materials contain no fertilizer at all, and it is vital that cuttings rooted in
this way are moved into a normal potting compost as soon as possible to avoid a
check in growth.
The small, softwood cuttings available in the late winter and spring are often
preferred as they tend to root very easily, but they also have a tendency to
wilt, particularly in hot, dry weather. If this process occurs it will seriously
impair the ability of the cutting to root, and it is of paramount importance to
take all steps possible to prevent excessive wilting. In hot weather, plants
intended for propagation should be kept well watered, and as soon as the
cuttings are taken they should be dropped into a container partly filled with
water. This will ensure that they do not deteriorate before being inserted into
the rooting medium.
Once the cuttings have been planted it is still necessary to take every
precaution to prevent wilting, and in summer a minimum of a 50 per cent
reduction in the light level will be required. They will also need to be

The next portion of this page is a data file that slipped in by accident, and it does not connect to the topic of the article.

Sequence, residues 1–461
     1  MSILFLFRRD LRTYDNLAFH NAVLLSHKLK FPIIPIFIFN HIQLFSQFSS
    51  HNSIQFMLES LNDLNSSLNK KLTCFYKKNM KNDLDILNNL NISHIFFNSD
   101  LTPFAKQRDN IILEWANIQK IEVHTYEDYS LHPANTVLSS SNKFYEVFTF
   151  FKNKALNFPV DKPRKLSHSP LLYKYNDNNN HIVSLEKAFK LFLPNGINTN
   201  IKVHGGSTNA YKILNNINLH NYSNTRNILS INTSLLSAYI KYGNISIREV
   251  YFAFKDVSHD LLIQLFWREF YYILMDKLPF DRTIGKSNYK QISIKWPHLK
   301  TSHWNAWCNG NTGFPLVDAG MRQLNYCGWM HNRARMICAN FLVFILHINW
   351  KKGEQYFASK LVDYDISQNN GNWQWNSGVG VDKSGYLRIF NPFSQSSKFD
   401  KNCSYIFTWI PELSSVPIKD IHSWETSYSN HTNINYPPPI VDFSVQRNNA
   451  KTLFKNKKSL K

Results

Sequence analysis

enclosed in a propagating case or some sort of transparent or translucent tent
to provide a close, humid atmosphere. Individual pots can be enclosed in
polythene bags to provide the correct micro-climate around the cuttings. Do not
forget to enclose a suitable label with each batch of plants. These special
conditions apply mostly to spring and summer cuttings; the more woody cuttings
taken in the late autumn and winter are generally given open greenhouse
conditions from the start.
When the plants are well rooted they should be uncovered as soon as possible,
but the shading must be retained for a few more days until they have become
accustomed to the drier air. Cuttings that have rooted can, with a little
practice, be recognized by their healthy, turgid appearance, which is quite